The proposed "burkha ban" in the Netherlands could go ahead before September's election after MPs declared the proposal was not politically controversial.
It had been thought that any legislation would be delayed following the collapse of Mark Rutte's cabinet last month. Since then the country has been run by a "demissionary" or caretaker government. Interim governments are limited by law to policy areas that are deemed non-controversial by a majority of members of Parliament.
The burkha ban and a proposal to abolish dual nationality were both policies included in the coalition agreement drawn up when Rutte's cabinet took office. They were among the measures that Freedom Party (PVV) leader Geert Wilders insisted on as conditions of his party's support for the minority centre-right administration.
After Wilders withdrew his support for the cabinet many of his party's policies, such as the "animal cops" plan to give 500 police officers responsibility for the welfare of domestic pets, were dropped from the agenda. Many Dutch political observers expected the burkha ban and dual nationality proposals to go the same way.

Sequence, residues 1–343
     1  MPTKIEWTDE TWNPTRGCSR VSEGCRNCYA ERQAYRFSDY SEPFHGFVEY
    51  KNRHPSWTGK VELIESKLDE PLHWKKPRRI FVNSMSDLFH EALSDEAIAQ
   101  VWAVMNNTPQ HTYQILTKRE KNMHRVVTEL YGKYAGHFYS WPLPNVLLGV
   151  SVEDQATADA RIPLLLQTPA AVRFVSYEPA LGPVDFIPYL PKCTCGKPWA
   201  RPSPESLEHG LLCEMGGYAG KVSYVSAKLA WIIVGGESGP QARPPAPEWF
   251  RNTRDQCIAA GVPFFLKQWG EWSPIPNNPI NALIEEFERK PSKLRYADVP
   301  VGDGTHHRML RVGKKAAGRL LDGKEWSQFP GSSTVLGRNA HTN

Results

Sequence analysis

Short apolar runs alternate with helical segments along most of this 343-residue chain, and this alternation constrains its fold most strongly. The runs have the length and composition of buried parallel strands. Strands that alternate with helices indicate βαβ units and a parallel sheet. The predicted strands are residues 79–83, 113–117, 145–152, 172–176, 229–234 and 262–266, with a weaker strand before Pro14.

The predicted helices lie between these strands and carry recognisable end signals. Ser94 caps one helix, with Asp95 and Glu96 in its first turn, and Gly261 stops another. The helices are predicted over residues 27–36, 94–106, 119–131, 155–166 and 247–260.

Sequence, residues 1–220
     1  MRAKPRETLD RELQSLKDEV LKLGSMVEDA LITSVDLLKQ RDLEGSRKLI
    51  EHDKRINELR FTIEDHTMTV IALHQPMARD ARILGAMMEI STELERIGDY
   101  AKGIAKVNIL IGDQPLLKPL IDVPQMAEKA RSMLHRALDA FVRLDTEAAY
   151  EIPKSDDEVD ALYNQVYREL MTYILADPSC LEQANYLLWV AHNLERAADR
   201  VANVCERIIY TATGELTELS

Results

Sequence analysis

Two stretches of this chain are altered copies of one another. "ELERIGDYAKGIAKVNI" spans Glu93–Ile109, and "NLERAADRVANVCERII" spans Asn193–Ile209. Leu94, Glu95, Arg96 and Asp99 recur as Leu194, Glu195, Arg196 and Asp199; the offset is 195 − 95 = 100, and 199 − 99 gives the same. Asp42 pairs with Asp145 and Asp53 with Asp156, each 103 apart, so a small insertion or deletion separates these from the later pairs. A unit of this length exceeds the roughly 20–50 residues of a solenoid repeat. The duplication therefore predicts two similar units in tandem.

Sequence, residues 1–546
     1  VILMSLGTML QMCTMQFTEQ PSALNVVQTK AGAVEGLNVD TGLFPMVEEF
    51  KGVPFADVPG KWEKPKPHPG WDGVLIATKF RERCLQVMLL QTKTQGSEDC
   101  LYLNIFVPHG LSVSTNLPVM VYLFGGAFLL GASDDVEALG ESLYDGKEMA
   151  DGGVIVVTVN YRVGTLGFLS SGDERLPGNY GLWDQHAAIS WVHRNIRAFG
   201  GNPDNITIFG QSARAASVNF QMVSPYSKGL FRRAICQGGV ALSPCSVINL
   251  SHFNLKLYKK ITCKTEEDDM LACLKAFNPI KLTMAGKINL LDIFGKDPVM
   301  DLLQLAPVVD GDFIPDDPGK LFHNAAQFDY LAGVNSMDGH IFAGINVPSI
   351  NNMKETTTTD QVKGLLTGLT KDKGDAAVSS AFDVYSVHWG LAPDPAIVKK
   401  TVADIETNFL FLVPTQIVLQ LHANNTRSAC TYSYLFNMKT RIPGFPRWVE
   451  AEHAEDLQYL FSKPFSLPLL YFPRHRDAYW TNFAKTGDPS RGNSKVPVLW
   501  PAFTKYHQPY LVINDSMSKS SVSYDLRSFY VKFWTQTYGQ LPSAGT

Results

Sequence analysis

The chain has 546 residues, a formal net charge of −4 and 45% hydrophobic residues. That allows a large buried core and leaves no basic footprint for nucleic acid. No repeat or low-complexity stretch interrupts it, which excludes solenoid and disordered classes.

However, members of the Lower House (Tweede Kamer) decided in a vote on Wednesday that they were non-controversial, thus authorising the caretaker government to press ahead with them.
Four weeks ago interior minister Liesbeth Spies, a member of the Christian Democrat party, said she no longer supported the burkha ban. She said: "In politics you sometimes have to do damage to your own principles because other issues are at stake. Your head says yes, but your heart doesn't necessarily go with it."
See also Dutch News, 31 May 2012